We Were Eight Years in Power

In 1895, two decades after his state moved from the egalitarian innovations of Reconstruction to an oppressive ‘Redemption”, South Carolina congressman Thomas Miller appealed to the state’s constitutional convention: we were eight years in power.

We Were Eight Years in Power isn’t a beach read. Ta-Nehisi Coates’ previous one had glimpses of light between all the rubble, but no such thing this time around. This time Coates has his bludgeon ready, and weighed it down with centuries of pain, abuse and inequality.
Because that’s what this book is, a collection of essays and articles in which is shown – again and again – how black people were mistreated by American authorities ever since they set foot on American soil. No, Obama didn’t create a post-racism society; there’s too many centuries of white supremacy and the ignoring of white guilt before his time. And well, just look at who’s in the White House right now.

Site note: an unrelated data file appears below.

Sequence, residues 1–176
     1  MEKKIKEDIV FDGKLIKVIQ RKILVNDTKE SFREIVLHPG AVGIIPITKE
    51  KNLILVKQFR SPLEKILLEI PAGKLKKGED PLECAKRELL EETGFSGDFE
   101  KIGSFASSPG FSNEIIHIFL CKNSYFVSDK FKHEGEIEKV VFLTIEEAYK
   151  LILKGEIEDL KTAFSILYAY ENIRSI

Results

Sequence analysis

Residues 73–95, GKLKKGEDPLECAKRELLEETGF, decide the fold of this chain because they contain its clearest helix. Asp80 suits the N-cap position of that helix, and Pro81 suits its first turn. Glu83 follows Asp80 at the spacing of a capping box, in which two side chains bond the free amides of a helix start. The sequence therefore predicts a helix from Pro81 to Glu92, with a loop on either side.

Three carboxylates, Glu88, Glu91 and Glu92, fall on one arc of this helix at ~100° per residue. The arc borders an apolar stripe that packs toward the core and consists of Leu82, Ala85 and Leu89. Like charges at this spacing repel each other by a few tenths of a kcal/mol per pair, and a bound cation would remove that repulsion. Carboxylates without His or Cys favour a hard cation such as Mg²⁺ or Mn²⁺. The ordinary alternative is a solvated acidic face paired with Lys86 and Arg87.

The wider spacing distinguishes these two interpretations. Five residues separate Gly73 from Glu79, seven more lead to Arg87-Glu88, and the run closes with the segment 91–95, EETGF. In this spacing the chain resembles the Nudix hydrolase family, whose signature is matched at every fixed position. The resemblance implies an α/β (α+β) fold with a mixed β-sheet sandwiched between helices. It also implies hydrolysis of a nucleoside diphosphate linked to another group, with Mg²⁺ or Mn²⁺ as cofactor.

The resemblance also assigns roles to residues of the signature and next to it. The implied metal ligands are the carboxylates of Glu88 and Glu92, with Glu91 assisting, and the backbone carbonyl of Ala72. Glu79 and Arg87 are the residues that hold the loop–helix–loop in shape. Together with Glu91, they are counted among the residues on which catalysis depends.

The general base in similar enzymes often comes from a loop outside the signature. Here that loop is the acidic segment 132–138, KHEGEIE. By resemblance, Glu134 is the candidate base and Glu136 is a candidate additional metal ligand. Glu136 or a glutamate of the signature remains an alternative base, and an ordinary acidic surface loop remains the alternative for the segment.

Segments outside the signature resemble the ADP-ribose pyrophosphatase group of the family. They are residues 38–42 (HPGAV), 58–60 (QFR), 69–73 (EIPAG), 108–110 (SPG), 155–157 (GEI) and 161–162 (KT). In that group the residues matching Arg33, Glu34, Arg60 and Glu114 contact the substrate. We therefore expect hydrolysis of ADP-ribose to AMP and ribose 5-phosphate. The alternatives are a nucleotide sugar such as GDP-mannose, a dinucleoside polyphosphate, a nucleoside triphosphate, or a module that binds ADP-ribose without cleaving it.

It’s the kind of history lesson you probably don’t get in school, but if you want to join in on the conversation, you should be reading along.

We Were Eight Years in Power, Ta-Nehisi Coates, Penguin Random House 2017

Author: vanferdinandus

Ik ben een journalist en schrijver die in drie woorden te vatten is: lezen, creëren, schrijven. Voor de verrijking van mijn leven, maar vooral mijn plezier, kijk ik heel graag allerlei soorten films en televisieseries, maak ik foto's uit vreemde hoeken en loop door de aangelegde bossen van Nederland.

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